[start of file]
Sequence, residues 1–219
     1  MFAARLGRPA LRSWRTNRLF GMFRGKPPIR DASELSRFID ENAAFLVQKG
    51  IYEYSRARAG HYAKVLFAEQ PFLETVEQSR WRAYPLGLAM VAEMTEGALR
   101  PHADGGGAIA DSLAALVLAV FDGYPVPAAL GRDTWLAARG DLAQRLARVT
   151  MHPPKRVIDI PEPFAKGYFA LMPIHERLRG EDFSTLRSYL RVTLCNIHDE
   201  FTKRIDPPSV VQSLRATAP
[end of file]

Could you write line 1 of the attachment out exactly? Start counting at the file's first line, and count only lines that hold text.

Sequence, residues 1–219